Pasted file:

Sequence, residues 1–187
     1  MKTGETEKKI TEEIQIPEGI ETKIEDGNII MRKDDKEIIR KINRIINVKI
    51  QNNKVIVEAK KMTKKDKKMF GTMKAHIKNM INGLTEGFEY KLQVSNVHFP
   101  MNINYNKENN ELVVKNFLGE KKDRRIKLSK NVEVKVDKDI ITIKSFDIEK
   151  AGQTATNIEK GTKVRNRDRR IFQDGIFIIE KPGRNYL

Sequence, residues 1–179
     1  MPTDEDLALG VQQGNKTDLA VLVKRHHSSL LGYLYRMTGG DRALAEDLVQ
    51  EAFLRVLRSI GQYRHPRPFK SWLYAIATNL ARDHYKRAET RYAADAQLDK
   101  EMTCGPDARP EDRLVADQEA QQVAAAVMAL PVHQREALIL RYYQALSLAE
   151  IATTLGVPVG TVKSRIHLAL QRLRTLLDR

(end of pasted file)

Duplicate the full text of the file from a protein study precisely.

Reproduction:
Sequence, residues 1–187
     1  MKTGETEKKI TEEIQIPEGI ETKIEDGNII MRKDDKEIIR KINRIINVKI
    51  QNNKVIVEAK KMTKKDKKMF GTMKAHIKNM INGLTEGFEY KLQVSNVHFP
   101  MNINYNKENN ELVVKNFLGE KKDRRIKLSK NVEVKVDKDI ITIKSFDIEK
   151  AGQTATNIEK GTKVRNRDRR IFQDGIFIIE KPGRNYL

Sequence, residues 1–179
     1  MPTDEDLALG VQQGNKTDLA VLVKRHHSSL LGYLYRMTGG DRALAEDLVQ
    51  EAFLRVLRSI GQYRHPRPFK SWLYAIATNL ARDHYKRAET RYAADAQLDK
   101  EMTCGPDARP EDRLVADQEA QQVAAAVMAL PVHQREALIL RYYQALSLAE
   151  IATTLGVPVG TVKSRIHLAL QRLRTLLDR